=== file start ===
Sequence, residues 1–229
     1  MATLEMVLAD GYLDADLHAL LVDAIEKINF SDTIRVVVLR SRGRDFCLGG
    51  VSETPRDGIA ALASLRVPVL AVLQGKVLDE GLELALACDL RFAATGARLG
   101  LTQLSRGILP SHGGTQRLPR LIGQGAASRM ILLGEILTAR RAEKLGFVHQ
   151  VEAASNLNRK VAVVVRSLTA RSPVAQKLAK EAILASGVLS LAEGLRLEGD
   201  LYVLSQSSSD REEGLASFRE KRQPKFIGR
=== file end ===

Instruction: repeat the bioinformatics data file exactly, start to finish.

Sequence, residues 1–229
     1  MATLEMVLAD GYLDADLHAL LVDAIEKINF SDTIRVVVLR SRGRDFCLGG
    51  VSETPRDGIA ALASLRVPVL AVLQGKVLDE GLELALACDL RFAATGARLG
   101  LTQLSRGILP SHGGTQRLPR LIGQGAASRM ILLGEILTAR RAEKLGFVHQ
   151  VEAASNLNRK VAVVVRSLTA RSPVAQKLAK EAILASGVLS LAEGLRLEGD
   201  LYVLSQSSSD REEGLASFRE KRQPKFIGR